Subcutaneous emphysema resulting from dental procedures is usually produced by a high-speed dental drill and air-and-water dental syringe.9,10 These air-driven drills have air directed toward the bur, which acts as a coolant; also, the air exhaust from the turbine is in the area of the surgical field. This makes it possible for the air or water under pressure to be driven in-to the disrupted intraoral barrier (dentoalveolar membrane or root canal).

Subcutaneous emphysema is the result of air being forced beneath the dermis. Air may dissect into deeper structures if a large amount of air is under pressure. The base of the first, second, and third molar roots communicate directly with the sublingual and submandibular spaces. These spaces communicate with the pterygomandibular, parapharyngeal, and retropharyngeal spaces. Air passes through the retropharyngeal space to the mediastinum and the pleural space. Air passing into the mediastinum and pleural space is most commonly associated with extraction of the third molar.11


Although usually benign, subcutaneous emphysema can cause potentially life-threatening events, such as tension pneumomediastinum or tension pneumothorax. It usually presents as skin-colored swelling without inflammatory changes or edema. Patients are afebrile, without any local increase in warmth.

The results of blood chemistries are usually normal, and cultures typically yield negative results. In cases involving subcutaneous emphysema, soft tissue radiographs of the neck should be obtained for airway assessment and chest radiographs should be obtained to rule out mediastinal involvement. Anteroposterior chest radiographs usually show a radiolucent outline parallel to the margin of the heart. Lateral chest radiographs are often more helpful because they show retrosternal radiolucency with outlining of the aorta and mediastinal structures.

CT scans are superior to radiographs in assessing the topographic extension and accumulation of air. Air bubbles in the retropharyngeal space and carotid spaces are strongly indicative of air migration into mediastinum. CT scans can assist in distinguishing emphysema from necrotizing fasciitis caused by gas-forming organisms.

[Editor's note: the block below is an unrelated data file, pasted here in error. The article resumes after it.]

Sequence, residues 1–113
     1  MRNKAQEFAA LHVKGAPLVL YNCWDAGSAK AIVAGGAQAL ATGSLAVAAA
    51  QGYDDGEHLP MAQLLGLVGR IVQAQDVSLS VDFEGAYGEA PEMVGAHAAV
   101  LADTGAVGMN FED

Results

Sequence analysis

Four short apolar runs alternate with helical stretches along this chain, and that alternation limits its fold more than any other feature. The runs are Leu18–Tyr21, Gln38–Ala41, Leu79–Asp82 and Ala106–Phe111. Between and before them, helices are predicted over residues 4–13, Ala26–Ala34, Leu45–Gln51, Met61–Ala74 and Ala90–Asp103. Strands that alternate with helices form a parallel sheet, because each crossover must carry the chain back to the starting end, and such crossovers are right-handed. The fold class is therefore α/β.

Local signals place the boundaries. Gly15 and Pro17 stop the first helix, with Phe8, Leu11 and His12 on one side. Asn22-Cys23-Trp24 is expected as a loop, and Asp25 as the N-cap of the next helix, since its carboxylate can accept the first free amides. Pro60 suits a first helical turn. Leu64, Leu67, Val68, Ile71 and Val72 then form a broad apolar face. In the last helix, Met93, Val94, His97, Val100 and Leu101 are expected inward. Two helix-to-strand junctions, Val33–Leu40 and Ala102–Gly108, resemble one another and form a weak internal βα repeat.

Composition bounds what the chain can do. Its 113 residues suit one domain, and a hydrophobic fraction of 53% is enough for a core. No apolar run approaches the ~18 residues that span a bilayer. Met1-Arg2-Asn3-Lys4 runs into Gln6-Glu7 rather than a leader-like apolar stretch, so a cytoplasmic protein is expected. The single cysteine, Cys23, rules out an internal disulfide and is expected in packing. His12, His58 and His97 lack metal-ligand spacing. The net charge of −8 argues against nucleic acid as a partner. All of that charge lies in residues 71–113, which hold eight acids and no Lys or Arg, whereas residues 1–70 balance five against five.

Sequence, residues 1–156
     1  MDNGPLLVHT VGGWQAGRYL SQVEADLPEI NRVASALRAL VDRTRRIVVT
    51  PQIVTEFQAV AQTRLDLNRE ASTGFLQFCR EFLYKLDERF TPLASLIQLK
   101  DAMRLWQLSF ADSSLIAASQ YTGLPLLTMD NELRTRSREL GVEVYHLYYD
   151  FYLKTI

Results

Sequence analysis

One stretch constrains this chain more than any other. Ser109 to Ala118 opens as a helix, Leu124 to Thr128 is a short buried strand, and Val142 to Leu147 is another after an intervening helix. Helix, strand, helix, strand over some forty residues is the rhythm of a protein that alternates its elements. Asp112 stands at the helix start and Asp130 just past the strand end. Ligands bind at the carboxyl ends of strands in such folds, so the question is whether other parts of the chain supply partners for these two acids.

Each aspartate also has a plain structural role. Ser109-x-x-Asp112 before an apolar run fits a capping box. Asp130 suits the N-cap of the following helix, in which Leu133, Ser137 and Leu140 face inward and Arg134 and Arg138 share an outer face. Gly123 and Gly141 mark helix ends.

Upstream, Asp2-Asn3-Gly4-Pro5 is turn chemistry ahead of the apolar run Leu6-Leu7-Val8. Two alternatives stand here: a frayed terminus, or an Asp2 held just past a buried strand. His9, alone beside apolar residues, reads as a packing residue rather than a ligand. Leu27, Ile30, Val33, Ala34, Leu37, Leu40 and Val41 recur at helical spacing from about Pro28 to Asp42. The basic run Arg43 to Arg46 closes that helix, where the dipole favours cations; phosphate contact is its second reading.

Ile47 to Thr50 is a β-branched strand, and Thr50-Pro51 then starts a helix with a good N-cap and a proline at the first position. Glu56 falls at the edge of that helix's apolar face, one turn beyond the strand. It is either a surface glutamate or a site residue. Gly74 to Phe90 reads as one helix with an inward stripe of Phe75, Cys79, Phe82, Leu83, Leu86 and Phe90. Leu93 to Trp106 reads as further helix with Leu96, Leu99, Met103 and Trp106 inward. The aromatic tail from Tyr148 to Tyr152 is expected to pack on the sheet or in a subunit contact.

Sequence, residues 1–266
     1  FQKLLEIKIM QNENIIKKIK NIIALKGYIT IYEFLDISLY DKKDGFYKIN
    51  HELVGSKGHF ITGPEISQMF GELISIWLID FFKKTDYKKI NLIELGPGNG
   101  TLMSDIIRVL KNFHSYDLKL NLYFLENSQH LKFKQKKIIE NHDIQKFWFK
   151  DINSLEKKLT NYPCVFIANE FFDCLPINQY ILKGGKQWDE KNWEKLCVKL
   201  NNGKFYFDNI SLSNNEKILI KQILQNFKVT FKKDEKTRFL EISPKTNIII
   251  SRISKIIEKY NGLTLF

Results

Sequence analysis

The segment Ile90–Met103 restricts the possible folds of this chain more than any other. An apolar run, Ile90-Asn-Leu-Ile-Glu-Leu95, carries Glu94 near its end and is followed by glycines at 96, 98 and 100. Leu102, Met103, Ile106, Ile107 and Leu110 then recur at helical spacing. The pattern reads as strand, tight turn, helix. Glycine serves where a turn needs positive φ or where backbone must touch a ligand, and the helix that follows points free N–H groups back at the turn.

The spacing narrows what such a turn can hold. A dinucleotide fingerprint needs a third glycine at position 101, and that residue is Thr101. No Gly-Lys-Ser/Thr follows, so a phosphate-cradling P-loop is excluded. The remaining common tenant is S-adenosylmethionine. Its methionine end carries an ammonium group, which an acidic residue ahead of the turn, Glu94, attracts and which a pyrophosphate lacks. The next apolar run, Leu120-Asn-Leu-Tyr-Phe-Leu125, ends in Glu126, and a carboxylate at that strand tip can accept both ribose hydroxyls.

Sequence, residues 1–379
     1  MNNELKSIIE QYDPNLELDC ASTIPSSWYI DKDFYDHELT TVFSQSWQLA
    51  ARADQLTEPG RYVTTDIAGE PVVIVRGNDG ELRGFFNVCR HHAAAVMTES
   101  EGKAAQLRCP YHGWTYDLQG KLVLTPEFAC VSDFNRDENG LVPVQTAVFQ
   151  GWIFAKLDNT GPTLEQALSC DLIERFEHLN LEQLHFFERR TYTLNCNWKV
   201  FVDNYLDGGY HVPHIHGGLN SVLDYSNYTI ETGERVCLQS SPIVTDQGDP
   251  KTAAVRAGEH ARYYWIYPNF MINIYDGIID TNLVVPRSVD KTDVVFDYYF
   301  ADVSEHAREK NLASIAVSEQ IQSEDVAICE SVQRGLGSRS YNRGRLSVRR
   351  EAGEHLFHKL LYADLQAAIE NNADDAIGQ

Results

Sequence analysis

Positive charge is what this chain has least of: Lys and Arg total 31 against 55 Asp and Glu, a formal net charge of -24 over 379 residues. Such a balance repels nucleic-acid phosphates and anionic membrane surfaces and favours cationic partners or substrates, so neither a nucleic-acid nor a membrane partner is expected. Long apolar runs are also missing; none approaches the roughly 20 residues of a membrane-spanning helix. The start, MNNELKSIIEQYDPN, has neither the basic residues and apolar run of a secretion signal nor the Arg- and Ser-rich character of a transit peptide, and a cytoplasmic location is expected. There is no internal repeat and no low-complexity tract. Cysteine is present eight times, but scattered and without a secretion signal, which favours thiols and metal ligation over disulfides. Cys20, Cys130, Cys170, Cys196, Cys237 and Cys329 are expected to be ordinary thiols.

The treatment of pneumomediastinum is symptomatic. Prevention of air emboli is the primary concern. Therapy includes sedatives to decrease excessive respiratory effort, stool softener to limit Valsalva maneuver, antitussive agents to suppress coughing, and nasal decongestants and antihistamines to suppress nose blowing. Administration of 100% oxygen may be considered to increase the tendency of resorption of nitrogen by reducing its surrounding partial pressure.

Most cases of subcutaneous emphysema begin to resolve after 2 to 3 days of supportive treatment, and residual swelling is usually minimal after 7 to 10 days of observation. Serial chest radiographs are obtained to follow the progress of air resorption and to guide treatment. Surgical decompression should not be routinely used, because it is likely to be ineffective and may even worsen or spread the emphysema. In severe cases in which there is airway compromise, endotracheal intubation--even tracheostomy--is indicated.



1. Chen SC, Lin FY, Chang KJ. Subcutaneous emphysema and pneumomediastinum after dental extraction.

Am J Emerg Med.

2. Turnbull A. A remarkable coincidence in dental surgery.

Br Med J.

3. Andsberg V, Axell T. Mediastinal emphysema as a complication of dental treatment.

Odontol Res.

1972; 23:21-26.
4. Lloyd RE. Surgical emphysema as a complication in endodontics.

Br Dent J.

5. Snyder MB, Rosenberg ES. Subcutaneous emphysema during periodontal surgery: report of a case.

J Periodontol.

6. Chuong R, Boland TJ, Piper MA. Pneumomediastinum and subcutaneous emphysema associated with temporomandibular joint surgery.

Oral Surg Oral Med Oral Pathol.

1992;74: 2-6.
7. Piecuch JF, West RA. Spontaneous pneumomediastinum associated with orthognathic surgery. A case report.

Oral Surg Oral Med Oral Pathol.

1979; 48:506-508.
8. Carmichael F, Ward-Booth RP, Banks JM. Pneumomediastinum after facial trauma.

Oral Surg Oral Med Oral Pathol.

9. Buckley MJ, Turvey TA, Schumann SP, Grimson BS. Orbital emphysema causing vision loss after a dental extraction.

J Am Dent Assoc.

1990;120: 421-424.
10. Nahieli O, Neder A. Iatrogenic pneumomediastinum after endodontic therapy.

Oral Surg Oral Med Oral Pathol.

11. Cardo VA Jr, Mooney JW, Stratigos GT. Iatrogenic dental-air emphysema: report of a case.

J Am Dent Assoc.